DAY 1: St. James' Church
eir Other Voices - Day one in Dingle.
Words: Nialler9 | Photographs: Rich Gilligan
It’s December in Dingle. For the last 15 years, that means the Kerry peninsula plays the gracious host to visiting musicians of all stripes and sizes, where their performances are captured for a televisual feast some months later. It’s Other Voices time. They might be onto something.
This year’s eir Other Voices festival has grown in scope and stature. 65 bands on a music trail, a conference intersecting art and tech, a vinyl exhibition and a town that offers sanctuary, restoration and something a bit special. We’re here for a show.
Other Voices may now migrate to Austin, Texas or Stradbally, Laois but its heart and home remains St. James' Church on the main street in Dingle. 80 seats, 170 crew, there’s not enough space for the several thousand who make the trip to Other Voices but ten pubs live streaming in HD allows everyone to experience the magic.
Introducing the first night of acts in the church, series producer Philip King spoke of music as a well of talent, a natural resource, to be tended and minded. There’s a respect given to artists performing at Other Voices that is obvious but not as common as it should be in the wide world.
The music of Cormac Begley (a local) and Caoimhin O’Raghallaigh (Dublin) is drawn from the natural resource that we have in spades - our Irish traditional music heritage. On concertina and fiddle respectively, the duo encapsulate that idea of tending, minding and interpreting reels, and jigs of those that came before. They keep the tradition alive but also bring new ideas to it.
Begley’s pitched-down concertina performance of The Yellow Tinker uses the low-end notes to create a swampy blues tone while O’Raghallaigh takes off his shoe to assist in an improvised fiddle performance that utilises electronics and looks at the tradition through a newly-angled prism. The quiet shuffling of feet in the church pews says more than words can about the duo’s performance.
While there might be a great distance between New York and Dingle, singer songwriter Margaret Glaspy spoke of the warmth and welcome she has received of the Other Voices family. Dingle is her third Other Voices show this year after Electric Picnic and Austin. Fittingly for the show, it’s Glaspy’s voice that draws you in instantly on stage in St. James’ Church.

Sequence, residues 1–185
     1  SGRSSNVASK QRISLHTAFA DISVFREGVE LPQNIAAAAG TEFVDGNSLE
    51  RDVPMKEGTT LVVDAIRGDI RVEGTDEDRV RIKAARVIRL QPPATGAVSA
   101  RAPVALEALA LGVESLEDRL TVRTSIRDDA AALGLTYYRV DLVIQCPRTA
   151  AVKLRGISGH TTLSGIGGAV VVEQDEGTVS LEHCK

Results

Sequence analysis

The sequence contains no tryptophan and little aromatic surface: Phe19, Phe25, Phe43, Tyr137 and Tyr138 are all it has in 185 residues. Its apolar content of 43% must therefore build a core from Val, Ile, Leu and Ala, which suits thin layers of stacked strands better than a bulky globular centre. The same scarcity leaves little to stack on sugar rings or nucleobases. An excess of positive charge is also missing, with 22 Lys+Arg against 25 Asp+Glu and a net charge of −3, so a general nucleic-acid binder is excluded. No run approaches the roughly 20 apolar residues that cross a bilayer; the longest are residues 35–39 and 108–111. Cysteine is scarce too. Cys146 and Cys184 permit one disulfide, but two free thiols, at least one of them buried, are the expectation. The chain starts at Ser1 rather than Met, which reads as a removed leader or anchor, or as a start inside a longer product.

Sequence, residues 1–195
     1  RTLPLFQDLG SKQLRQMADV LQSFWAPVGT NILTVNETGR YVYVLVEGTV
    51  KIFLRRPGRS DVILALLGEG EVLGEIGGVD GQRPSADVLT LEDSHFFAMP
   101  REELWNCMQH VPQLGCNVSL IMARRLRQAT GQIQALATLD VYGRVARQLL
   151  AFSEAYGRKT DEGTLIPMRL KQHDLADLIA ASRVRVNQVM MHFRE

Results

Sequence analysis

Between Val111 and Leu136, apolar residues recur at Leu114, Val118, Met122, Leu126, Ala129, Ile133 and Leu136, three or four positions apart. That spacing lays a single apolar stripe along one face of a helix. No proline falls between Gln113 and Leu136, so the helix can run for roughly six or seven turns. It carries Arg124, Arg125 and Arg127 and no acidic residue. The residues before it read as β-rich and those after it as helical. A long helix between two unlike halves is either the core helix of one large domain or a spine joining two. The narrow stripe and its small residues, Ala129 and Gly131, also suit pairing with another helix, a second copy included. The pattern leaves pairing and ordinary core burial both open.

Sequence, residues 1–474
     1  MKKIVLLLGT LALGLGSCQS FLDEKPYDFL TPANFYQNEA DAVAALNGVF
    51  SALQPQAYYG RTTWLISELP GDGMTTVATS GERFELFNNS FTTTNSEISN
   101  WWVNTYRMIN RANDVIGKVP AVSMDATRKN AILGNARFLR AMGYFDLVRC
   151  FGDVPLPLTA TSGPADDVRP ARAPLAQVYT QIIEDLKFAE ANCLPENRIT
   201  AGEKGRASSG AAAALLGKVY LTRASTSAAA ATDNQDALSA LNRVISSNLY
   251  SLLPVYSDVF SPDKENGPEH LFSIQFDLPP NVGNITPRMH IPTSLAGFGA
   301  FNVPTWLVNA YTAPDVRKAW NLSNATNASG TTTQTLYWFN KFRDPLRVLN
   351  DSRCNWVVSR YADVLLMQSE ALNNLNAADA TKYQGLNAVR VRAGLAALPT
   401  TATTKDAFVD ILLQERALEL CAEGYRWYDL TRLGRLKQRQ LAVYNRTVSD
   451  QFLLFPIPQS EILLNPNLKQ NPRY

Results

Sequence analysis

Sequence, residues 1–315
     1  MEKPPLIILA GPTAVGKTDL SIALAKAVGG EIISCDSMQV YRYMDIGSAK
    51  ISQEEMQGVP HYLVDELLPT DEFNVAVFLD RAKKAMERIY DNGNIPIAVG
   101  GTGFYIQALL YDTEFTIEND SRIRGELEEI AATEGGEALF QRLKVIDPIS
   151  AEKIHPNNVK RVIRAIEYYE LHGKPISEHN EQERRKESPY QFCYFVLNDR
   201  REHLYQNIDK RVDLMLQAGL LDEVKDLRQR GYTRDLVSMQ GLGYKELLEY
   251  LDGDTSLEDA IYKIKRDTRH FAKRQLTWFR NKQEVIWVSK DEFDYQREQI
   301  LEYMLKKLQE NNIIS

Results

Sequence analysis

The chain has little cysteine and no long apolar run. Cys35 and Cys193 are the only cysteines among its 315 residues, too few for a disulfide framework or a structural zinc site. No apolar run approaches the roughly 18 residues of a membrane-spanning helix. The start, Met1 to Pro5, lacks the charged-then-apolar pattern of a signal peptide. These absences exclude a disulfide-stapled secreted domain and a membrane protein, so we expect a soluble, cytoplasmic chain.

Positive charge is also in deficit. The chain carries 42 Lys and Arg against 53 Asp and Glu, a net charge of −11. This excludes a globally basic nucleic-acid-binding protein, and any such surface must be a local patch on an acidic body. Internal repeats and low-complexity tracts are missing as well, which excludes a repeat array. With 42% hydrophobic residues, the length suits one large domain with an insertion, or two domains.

Delicate, rasping, ripping, undulating, and tender, it has range and colour. Songs from her debut album Emotions And Math are delivered with a taut rock band setup. There’s a sense that the late-20s performer, resplendent in a silver jacket, has a career on the up. The decision to cover of Lauryn Hill’s Ex-Factor is a brave one but Glaspy’s expressive pipes are more than up to the task.
Kojey Radical is a London poet, rapper, visual artist and performer who graces the stage in a jacket and hood. He has said that his words came first and the music later. He raps of youth centre closures as his jazzy live band let loose behind. Gallons is a highlight. It's not long before Kojey is letting loose himself, posing and cavorting around the stage topless and in charge, while singing and rapping about community, love, pride and his Ghanian heritage.
In between, he expounds the quality of Dingle fish and brings on a guest vocalist for some gospel-style worship. By the time his short set is over, he's loose and limber, dancing and flailing, messing and smiling. Shortly afterwards, he's buzzing across the road with the band practically leaping into Benner's Hotel for some post-show congratulations.
From a confident and agile performer to one of a much more shy demeanor. Pixie Geldof has grown up in the public eye but as presenter May Kay reminds the crowd in the church, it takes nerve to get up on a stage and turn your public pain and private feelings into art that can be appreciated by many.
Pixie might be nervous on stage but she needn't be. The 26-year-old is joined by an accomplished band and it's clear the music, as heard on her recently released debut album I'm Yours has style and swing. Moving between alt-country, blues with a sheen of pop, these songs are vintage in stock, melancholic glamour with a noir digital filter, like Lana Del Rey. There are moments of dream pop (I'm Yours) and songs that rock (Escape Route) and while Geldof may giggle restlessly in moments of silence between songs, she sings with a command and confidence in the songs, which is what matters most on a televised stage such as St. James’.